The least comfortable of rock stars, Elliott Smith never thrived in the spotlight, but his gift for tender and melodic alternative rock repeatedly pushed him there. For many, their introduction to Smith and his predicament came at the 1998 Academy Awards. His song Miss Misery had been featured in the film Good Will Hunting, and now here he was, nominated for Best Original Song: taking a bow with Celine Dion, with unwashed hair, performing in a white suit.
Miss Misery (contemporary with, if not featured on, the current release) was a fine example of Smith's art. Self-evidently melancholic, folky, it isolated a desolate emotional state and gave it a female name.
The musicians of five years previously – like say, Nirvana – had vocalised their issues of low self-esteem in a cathartic grunge rock. Smith’s previous band Heatmiser had flirted with this mode but his solo material was more melodically searching and candid, the gaze of his music turned inwards, his worst criticisms reserved for himself.
Heatmiser, he felt, had been burned by the corporate rock business, and clearly Smith retained his suspicions, his first two solo albums being home-recorded, low profile affairs. Either/Or, which was initially released on the indie label Kill Rock Stars, was comparatively big-budget, being in part studio-recorded, and with a producer other than himself.
This 20th anniversary reissue adds some punch to the original sound and presents some complimentary, if not essential, extras (a few live tracks), but it’s the 31-minute original album which still commands attention.
At the time it was made, Smith could feel the heat of music business interest rising around him. There were lines round the block when he played New York's CMJ Music Marathon in 1996. He found this kind of development absurd and, in an oblique way, inspiring. It's fair to say that the album finds Smith on his guard about it all. On Angeles he references a slick, possibly music biz, professional "trailing a new kill". Even the sweet-sounding, previously unreleased I Figured You Out mentions dollar signs.
The idea of money as a corrupting influence, leading the musician off course, is seeded eloquently throughout the album. Early on, in Ballad Of Big Nothing, Smith presents the image of someone throwing sweets out into the crowd, sweets which by the time of Rose Parade have become "shaped like money".
Rose Parade is one of the album's best songs and finds the singer observing a shambolic civic event where the band is hobbled by its self-medicating trumpet player. The supposedly dignified event descends into absurd chaos.
This, we’re not left in much doubt, is precisely how Smith saw the music business. “A ridiculous marching band started playing,” he sings. “And got me singing along with some half-hearted victory song…”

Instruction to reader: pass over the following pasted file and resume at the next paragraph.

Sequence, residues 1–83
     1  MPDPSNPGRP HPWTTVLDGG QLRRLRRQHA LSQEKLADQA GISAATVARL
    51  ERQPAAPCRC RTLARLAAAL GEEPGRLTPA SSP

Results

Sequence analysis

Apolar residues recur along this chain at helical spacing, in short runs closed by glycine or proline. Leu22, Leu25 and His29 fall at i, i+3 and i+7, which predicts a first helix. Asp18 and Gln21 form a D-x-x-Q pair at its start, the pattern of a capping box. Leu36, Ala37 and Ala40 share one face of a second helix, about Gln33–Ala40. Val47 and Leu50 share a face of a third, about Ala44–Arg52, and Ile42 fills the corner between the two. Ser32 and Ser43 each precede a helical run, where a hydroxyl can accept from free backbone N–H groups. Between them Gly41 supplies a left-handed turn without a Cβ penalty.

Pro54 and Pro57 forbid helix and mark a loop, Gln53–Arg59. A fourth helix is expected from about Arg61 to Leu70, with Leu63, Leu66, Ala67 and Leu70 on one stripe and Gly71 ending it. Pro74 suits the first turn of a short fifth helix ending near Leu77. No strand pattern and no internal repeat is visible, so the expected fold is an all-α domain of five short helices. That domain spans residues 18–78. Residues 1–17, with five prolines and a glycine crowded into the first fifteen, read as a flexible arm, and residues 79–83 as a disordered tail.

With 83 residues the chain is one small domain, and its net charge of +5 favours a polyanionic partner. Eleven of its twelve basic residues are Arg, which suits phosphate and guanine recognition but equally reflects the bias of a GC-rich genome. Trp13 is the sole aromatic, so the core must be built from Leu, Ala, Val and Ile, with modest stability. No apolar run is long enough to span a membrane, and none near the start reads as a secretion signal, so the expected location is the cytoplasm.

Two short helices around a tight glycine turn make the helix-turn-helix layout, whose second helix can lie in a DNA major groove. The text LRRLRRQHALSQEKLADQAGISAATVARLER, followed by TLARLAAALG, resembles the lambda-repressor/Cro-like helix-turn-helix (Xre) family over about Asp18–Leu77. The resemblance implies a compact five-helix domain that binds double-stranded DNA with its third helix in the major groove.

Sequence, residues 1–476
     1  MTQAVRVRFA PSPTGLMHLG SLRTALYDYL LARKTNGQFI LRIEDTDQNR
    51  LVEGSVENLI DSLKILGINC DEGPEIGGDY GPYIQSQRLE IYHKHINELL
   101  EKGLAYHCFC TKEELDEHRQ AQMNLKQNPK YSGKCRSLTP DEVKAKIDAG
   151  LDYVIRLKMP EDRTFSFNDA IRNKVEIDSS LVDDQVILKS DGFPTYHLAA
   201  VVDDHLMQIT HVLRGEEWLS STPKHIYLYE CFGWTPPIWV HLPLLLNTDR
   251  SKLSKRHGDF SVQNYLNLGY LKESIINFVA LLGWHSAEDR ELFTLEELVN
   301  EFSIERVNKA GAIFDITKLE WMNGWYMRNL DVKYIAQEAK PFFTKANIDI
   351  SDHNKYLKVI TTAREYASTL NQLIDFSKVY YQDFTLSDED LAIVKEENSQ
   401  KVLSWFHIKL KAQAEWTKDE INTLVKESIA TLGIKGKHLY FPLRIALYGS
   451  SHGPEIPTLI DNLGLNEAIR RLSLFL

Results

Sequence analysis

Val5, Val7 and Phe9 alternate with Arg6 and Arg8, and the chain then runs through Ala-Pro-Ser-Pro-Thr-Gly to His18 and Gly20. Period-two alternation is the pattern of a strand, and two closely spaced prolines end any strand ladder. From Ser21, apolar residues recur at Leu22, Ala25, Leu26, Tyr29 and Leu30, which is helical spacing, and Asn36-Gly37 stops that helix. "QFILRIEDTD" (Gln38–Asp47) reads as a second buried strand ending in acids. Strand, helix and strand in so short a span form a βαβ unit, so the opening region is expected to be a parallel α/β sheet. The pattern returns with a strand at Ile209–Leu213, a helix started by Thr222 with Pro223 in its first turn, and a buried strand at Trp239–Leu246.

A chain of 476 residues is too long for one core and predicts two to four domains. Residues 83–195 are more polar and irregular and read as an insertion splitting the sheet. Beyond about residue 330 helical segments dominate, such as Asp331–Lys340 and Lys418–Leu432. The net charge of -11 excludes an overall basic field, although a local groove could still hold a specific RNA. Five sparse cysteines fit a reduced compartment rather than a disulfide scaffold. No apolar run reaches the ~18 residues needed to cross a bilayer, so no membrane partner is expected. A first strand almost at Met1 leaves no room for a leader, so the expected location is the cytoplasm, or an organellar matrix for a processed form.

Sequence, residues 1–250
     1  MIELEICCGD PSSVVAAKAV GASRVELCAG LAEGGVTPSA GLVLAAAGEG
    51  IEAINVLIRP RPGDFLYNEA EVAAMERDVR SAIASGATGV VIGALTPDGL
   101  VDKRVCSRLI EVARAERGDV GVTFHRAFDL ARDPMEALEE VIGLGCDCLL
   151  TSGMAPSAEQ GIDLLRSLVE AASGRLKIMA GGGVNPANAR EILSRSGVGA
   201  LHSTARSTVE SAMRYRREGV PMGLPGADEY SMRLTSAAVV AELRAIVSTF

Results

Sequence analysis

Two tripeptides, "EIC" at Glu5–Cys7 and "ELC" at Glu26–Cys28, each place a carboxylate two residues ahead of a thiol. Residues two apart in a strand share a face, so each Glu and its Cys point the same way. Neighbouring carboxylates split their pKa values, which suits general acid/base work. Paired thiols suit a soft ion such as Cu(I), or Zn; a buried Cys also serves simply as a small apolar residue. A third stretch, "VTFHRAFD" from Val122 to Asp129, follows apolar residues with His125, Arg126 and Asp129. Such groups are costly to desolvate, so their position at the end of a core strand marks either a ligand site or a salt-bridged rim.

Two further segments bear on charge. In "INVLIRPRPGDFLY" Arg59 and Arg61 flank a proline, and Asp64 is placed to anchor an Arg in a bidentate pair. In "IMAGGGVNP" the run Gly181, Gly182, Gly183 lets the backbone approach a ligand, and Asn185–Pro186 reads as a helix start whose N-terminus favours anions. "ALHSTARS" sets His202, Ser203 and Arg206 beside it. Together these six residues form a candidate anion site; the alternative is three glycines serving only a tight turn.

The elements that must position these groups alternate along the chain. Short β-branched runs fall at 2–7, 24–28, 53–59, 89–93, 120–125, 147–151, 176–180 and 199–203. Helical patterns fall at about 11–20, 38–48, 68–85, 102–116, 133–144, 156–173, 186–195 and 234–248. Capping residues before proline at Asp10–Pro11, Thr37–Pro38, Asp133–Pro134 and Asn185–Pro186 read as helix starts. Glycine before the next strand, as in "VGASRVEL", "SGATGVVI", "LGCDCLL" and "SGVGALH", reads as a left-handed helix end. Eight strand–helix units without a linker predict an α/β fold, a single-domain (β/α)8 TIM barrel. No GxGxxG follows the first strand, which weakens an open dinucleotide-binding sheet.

Vulnerable and suspicious, Smith was on the lookout for the undercover cop in everyone, and had exactingly high standards for himself. This could yield extraordinary results – this album isn’t only self-composed, it’s also entirely self-played, Smith arranging sympathetically his intricate fingerstyle guitar with drums and the occasional deadly guitar solo.
It also meant he was his own sternest critic, viewing with disdain the shuffling character of Alameda, unable to connect emotionally ("You broke your own heart/You can't finish what you start…"). Between the Bars mercilessly unpicks dreams and ambitions as self-delusion – and how the reality of mediocrity will present itself, like an alarm call, with the morning's sobriety. The ironically jaunty Pictures Of Me develops the idea more explicitly, with the singer finding himself in the spotlight but it being "completely wrong". Cupid's Trick is the album's immediately-killer rock song, haunting and mean, but also the one whose lyrics remain enigmatically unprinted on the sleeve.
It should all be an agonising listen, and when Smith died in 2003 (an apparent suicide), his catalogue offered up self-lacerating couplets and tales of self-medication. Those alone miss the point and underplay the magnificent delicacy and power of this music.
Smith wrote about depression and numbness, and falling short artistically, but his music was no documentary. His real subject was romantic: how to do justice to music, to love and to passing time.
Opening the envelope in 1998, Madonna expressed no surprise that the award for Best Original Song had been awarded to the writers of Celine Dion's My Heart Will Go On, theme from the movie Titanic. "What a shocker," she said, utterly deadpan.
You suspect the outcome won't have surprised Elliott Smith much, either. In spite of everything, Either/Or, remains a resounding victory for someone who didn't much believe in them.
John Robinson is associate editor of Uncut and the Guardian Guide’s rock critic. He lives in London.